As the days passed following Judge Eduard Enrech’s decision that UE Lleida should wind down, a glimmer of hope became a glowing beacon. Their league registration, players, staff and rights to use the municipal stadium at Camp d’Esports could be sold off to the highest bidder, and it was Junyent herself who emerged as the most likely saviour. For price of 67,300 euros and a guarantee of 200,000 euros per season for the next three seasons, a new club could continue to play where UE Lleida had once competed. Offering 70,000 euros up front and 1 million euros over the next three years, Junyent claimed a provisional victory in the bidding war on 30 June 2011. After being told that her proposal would be sufficient, she made plans to register the new club in the name of Lleida 1939 – apparently consulting few, if any fans into the bargain - to again compete in the Segunda B, Regional Group 3. A five day deadline stood for Junyent to return with the required cash guarantees. 

Such speed out of the blocks and willingness to secure a future for a club, which could again compete without the noose of unbearable debts hanging round its neck, goes some way to disprove the theory that Junyent was only sent in to oversee the death throes of the club. It wasn’t in the character of an asset stripper to seek out more money to throw at the problem, was it? To assume that she was unaware of the precarious nature of the club’s accounts when she took over, on the other hand, would be beyond naïve. Such a situation could lead to the suggestions that the club was bought on the understanding that the worst would have to happen before things could get better.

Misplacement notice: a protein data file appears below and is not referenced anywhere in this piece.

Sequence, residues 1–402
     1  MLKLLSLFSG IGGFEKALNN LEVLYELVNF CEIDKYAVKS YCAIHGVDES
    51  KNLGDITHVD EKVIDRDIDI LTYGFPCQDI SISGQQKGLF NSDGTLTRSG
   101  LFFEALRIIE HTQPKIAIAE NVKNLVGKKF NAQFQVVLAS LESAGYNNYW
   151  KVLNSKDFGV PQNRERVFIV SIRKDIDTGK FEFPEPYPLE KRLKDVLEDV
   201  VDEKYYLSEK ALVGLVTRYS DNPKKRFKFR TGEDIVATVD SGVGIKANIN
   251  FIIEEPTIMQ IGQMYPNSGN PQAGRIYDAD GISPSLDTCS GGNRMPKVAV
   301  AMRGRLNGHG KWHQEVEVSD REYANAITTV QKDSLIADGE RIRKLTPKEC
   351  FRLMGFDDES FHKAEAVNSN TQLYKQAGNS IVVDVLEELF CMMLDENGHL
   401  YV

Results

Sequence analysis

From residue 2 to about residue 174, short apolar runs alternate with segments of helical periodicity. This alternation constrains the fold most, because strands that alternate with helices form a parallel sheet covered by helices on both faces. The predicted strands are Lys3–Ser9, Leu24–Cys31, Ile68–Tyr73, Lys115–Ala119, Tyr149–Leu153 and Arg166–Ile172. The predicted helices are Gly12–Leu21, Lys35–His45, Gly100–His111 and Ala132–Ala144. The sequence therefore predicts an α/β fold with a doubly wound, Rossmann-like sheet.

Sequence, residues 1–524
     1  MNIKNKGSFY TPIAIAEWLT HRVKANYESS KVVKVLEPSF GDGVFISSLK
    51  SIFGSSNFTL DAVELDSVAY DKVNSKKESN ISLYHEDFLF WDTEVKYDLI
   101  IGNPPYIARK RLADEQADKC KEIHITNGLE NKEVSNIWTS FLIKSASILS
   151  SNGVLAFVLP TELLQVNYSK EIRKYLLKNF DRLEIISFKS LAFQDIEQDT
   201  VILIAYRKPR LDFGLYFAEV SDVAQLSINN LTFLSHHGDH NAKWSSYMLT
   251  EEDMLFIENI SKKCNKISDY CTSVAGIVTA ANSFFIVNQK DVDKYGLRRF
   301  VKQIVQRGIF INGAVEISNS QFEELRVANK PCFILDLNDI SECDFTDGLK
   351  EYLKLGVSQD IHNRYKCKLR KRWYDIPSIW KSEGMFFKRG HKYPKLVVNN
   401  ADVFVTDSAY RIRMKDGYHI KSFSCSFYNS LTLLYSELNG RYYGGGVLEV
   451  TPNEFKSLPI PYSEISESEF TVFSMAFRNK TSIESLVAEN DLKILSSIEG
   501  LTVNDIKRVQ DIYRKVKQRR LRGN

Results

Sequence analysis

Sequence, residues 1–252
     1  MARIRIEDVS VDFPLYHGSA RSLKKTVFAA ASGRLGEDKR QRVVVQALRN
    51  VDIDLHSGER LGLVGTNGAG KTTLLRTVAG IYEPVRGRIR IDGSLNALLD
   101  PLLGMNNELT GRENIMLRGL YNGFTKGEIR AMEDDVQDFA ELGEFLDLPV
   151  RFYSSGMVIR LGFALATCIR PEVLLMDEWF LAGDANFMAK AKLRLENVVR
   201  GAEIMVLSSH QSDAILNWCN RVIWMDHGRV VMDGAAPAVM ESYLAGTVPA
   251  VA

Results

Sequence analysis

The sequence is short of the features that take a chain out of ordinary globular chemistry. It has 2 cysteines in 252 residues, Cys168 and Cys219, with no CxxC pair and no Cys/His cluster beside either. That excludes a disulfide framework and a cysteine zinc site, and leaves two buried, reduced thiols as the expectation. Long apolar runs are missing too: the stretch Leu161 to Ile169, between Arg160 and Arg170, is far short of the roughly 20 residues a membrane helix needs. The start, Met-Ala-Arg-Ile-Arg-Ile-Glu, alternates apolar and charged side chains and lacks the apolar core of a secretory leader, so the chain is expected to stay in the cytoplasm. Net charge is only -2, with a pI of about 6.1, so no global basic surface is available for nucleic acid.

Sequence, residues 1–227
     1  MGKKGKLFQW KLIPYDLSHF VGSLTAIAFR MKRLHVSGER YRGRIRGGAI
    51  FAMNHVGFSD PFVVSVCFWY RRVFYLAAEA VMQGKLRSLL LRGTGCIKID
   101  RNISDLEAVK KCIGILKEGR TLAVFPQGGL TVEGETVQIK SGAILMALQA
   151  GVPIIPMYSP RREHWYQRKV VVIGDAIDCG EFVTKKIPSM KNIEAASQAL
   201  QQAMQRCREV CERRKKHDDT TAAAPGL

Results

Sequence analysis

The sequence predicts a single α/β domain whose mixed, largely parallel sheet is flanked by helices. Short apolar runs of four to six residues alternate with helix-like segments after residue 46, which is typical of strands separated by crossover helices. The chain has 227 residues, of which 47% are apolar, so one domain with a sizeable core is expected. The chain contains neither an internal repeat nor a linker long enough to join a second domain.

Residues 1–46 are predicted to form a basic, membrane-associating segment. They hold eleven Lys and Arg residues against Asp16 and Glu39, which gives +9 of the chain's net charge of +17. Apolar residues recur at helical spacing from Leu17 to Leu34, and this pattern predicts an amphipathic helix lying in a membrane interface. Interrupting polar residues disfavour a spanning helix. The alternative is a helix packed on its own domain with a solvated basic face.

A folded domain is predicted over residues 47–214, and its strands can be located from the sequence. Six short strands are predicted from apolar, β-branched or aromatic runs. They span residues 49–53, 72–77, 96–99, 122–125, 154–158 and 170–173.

At the same time as Junyent began paving the way for another go at running a football club, a consortium led by a local businessman Sisco Pujol, known as Cuitat de Lleida, had entered a more modest bid of 68,000 euros down payment and 600,000 euros of guarantees over three seasons respectively. Perhaps they knew something that the courts didn’t, but their patience paid off when Junyent returned to court on 6 July 2011 and failed to provide sufficient evidence of her financial capabilities to take control of the club. Junyent pleaded for more time, apparently citing a misunderstanding in the breakdown of the guarantee payments and therefore falling short of the total. The judge turned to Pujol’s second choice consortium and instead passed them the opportunity to find the cash, giving them one day’s notice to come up with the goods. It was then that the diplomatic air between Junyent and previous custodian, Taxto Benet, appeared to turn a shade of toxic grey. 

Benet had gone public with his support for Cuitat de Lleida’s bid in the press and, with assumptions being made that he had offered more than moral support for the rival bid, Junyent went straight for the throat. Asking why the judge would place a new club in the hands of the person who had caused such dire consequences for the old club in the first place, Junyent finally burnt her bridges with Benet before disappearing in flames herself. Whether it was sour grapes or a moment of rare clarity, the blame for the whole sorry debacle was cast publically at the former owner’s door once again. As acrimonious as this slapstick affair was becoming, the mud that was slung appeared to be relatively thin. Benet and the Cuitat de Lleida were wipe clean, and the consortium went on unhindered.